This morning, Tottenham Hotspur released its financial statement for the fiscal year ending June 30, 2020. As you can imagine, the numbers were grim. Driven by a combination of clubs refunding a total of £330m in total revenue to television broadcasters, reduced European prize money after missing the Champions League and, of course, the ongoing COVID-19 pandemic which has kept fans out of football stadiums since March, Tottenham reported a loss of £63.9m this past fiscal year. That’s in comparison to a gain of £68.6m the year prior.
In a statement on Spurs’ website, chairman Daniel Levy said that the financial hardship of the pandemic has hit Tottenham especially hard, considering they had just mortgaged their financial future with a brand new stadium financed mostly by public debt and reliant on fans regularly attending events. Levy warned that if things continue as they are now, the club is heading to an “irrecoverable” £150m loss in the coming fiscal year.
“We are currently in the midst of one of the most challenging times ever experienced. The impact of the pandemic on our revenue is material and could not have come at a worse time, having just completed a £1.2bn stadium build which is financed by Club resources and long-term debt. The 2020/21 season has so far seen no fans at games and this is compounded by a loss of third party events such as NFL, concerts, the closure of stores and visitor attractions. Our estimate for the current financial year of the potential loss of revenue, should the stadium remain closed to fans, is in excess of £150m. Clearly this would be an irrecoverable loss of income.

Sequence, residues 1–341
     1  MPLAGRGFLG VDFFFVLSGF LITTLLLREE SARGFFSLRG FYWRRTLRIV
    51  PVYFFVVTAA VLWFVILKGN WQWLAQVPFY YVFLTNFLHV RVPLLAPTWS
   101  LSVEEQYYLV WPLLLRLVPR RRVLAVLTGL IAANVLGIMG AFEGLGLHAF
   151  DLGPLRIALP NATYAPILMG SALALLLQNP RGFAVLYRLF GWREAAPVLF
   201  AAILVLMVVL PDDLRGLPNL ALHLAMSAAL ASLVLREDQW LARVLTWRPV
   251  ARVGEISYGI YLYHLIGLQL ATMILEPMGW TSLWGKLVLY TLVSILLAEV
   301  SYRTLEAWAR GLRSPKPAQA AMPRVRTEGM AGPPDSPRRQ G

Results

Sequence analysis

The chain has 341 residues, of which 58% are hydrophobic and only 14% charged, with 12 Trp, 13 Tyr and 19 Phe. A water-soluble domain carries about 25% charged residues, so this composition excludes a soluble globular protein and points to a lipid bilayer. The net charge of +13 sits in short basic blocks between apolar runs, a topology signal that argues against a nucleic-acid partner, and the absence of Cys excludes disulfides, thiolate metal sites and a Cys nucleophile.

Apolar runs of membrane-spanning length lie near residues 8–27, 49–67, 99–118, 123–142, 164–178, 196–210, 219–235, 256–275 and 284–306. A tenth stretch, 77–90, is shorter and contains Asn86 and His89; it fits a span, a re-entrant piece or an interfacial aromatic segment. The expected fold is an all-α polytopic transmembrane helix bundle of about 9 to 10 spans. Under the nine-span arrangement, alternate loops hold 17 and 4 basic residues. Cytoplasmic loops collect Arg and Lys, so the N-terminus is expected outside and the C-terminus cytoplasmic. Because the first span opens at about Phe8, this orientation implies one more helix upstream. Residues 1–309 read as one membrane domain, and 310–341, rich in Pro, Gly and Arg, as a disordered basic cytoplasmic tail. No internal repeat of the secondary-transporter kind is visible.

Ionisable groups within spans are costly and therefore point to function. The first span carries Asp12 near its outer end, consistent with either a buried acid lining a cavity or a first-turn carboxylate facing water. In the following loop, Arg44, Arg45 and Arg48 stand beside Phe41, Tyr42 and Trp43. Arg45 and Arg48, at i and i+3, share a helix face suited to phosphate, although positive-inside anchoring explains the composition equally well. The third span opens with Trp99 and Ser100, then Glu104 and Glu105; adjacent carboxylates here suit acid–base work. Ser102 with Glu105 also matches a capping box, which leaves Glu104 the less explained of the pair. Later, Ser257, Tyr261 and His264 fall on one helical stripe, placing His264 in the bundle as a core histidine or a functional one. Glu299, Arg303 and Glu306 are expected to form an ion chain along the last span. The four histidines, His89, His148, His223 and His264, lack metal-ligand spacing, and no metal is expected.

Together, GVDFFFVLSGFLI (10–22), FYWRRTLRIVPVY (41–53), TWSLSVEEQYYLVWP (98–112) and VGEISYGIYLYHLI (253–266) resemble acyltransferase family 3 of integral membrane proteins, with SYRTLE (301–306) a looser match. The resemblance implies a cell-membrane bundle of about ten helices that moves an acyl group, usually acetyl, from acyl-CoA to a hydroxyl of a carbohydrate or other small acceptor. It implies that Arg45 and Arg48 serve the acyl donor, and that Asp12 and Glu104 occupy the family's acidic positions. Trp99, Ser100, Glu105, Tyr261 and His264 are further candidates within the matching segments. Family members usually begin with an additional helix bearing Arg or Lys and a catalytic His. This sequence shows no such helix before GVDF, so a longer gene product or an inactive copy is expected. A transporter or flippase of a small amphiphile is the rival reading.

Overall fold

Levy spent a portion of his statement making the case for the return of fans to football stadiums when allowed by the government. Spurs have been advocates for the safe return of football fans, and Levy has spent the past few months not only making the case for fans in stadiums but also that Tottenham’s new stadium is one of the best options to have supporters back watching live football in England.
“Each and every Premier League club makes a significant financial and social contribution to the UK economy and to their local communities as well as being a great British export often showcased by Government departments for trade and culture visits. We have spent the past months preparing our stadium, testing our digital ticketing process and registering ID validation for fans. Premier League clubs are entirely capable, similar to the experience in several other countries, of responsibly delivering outdoor events with social distancing, exemplary hygiene standards, qualified stewards, testing capabilities and diverse travel plans, operating in some of the most technologically advanced venues in the world. We recognise that health and safety are paramount and we have been encouraged by the latest news on vaccine developments and potential Clinical Passports.”
It’s not completely bad news. The (small) silver lining is that Spurs showed an uptick in matchday, commercial, and catering revenue from the prior fiscal year, due to the opening of the Tottenham Hotspur Stadium, and should the pandemic start to wane this bodes well for Spurs’ ability to bounce back with time.
Tottenham is hardly alone in struggling financially thanks to the pandemic, and it should be expected that most, if not all, Premier League clubs will be reporting similarly grim numbers in their financials for this past year. Levy’s statement also noted the club’s volunteerism of the stadium and infrastructure to aid the National Health System this past spring during the first wave of the virus.